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Wednesday, 20 July 2016

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20‭ ‬July‭ ‬1398:‭ ‬The Battle of Kellistown/‭ ‬An Cath‭ ‬Cell Osnadha‭ ‬was fought on this day.‭ ‬The battle was fought between the forces of the O’Byrnes and O’Tooles,‭ ‬and the English of Leinster led by Roger Mortimer,‭ ‬the‭ ‬4th Earl of March.
The O’Byrnes and O’Tooles were surrogates for Art Mac Murrough Cavanagh who was the most powerful Chieftain in Leinster and recognised as a King amongst his own people.‭ ‬He used them to fight a proxy war against the English and thus avoid a complete break with them.‭ ‬Kellistown is situated in‭ ‬County Carlow‭ ‬between the towns of Carlow and Tullow.
‭ ‬"Here fell the heir presumptive to the English crown,‭ ‬whose premature removal was one of the causes which contributed to the revolution in England a year or two later.‭" ‬
Mortimer was none other than the heir to the Throne of England.‭ ‬He was also dignified with the titles‭ ‘‬Earl of Ulster‭’ ‬and‭ ‘‬Lord Of Connaught‭’‬.‭ ‬Ironically he was a direct descendant of Aoife Murchada,‭ ‬whose father had let the English in.‭ ‬Thus he was a distant relation of his nemesis Art Mac Murrough Cavanagh‭!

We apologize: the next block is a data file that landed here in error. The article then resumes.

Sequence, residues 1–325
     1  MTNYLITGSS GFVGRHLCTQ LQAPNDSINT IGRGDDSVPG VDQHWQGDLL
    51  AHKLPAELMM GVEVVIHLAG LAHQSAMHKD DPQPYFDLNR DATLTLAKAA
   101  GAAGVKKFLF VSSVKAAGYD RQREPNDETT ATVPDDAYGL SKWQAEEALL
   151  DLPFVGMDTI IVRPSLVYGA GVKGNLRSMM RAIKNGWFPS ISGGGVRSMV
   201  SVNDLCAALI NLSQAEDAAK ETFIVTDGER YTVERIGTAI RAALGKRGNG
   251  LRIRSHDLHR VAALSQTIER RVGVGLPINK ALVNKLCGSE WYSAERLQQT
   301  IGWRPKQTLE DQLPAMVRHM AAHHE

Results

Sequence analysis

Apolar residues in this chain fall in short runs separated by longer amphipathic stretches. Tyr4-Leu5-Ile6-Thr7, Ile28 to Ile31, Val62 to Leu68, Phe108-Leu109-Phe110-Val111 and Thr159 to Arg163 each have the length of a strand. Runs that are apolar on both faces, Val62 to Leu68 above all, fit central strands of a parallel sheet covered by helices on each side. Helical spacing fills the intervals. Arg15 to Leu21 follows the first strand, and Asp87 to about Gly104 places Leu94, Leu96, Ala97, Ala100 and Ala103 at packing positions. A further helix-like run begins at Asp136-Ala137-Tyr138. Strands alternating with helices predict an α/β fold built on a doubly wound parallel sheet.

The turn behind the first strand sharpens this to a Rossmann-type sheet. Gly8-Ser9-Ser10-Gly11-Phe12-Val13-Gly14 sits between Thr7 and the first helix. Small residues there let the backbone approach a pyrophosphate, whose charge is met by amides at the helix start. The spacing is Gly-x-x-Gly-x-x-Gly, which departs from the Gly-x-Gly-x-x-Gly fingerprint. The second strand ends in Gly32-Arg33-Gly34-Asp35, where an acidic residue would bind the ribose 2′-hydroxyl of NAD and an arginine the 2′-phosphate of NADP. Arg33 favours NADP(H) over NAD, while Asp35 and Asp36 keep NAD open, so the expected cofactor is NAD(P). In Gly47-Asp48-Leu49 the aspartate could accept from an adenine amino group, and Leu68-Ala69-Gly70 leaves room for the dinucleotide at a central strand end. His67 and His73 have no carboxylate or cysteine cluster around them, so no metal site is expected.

Mortimer had been created the King of England’s Lieutenant in Ireland in‭ ‬1396‭ ‬and held this position until the Irish killed him.‭ ‬His body was cut to pieces during the battle but whether this as a result of combat or mutilation after his death is not recorded.‭ ‬Curiously enough he had decided to engage in the combat dressed in the Irish style - that is without body armour.‭ ‬There was at least enough of him remaining for his corpse to be brought back home to England where he was interred‭ ‬amongst his own people in Wigmore Abbey,‭ ‬Herefordshire.
King Richard II of‭ |‬England was so upset by the news he resolved to return to Ireland and settle matters once and for all with Art Mac Murrough.‭ ‬But his departure from his own Country in‭ ‬1399‭ ‬cost him his Kingdom as his domestic enemies took the opportunity to topple him from his throne. On return in the month of August he was compelled to give up his crown and submit to the advances of his cousin, Henry of Bolingbroke. An embarrasment to the new King Henry IV he was allowed to wither away in captivity and ‘died’ - probably in early 1400.
An Cath‭ ‬Cell Osnadha‭ ‬was thus a battle of great importance in the history of two countries‭ – ‬England and Ireland.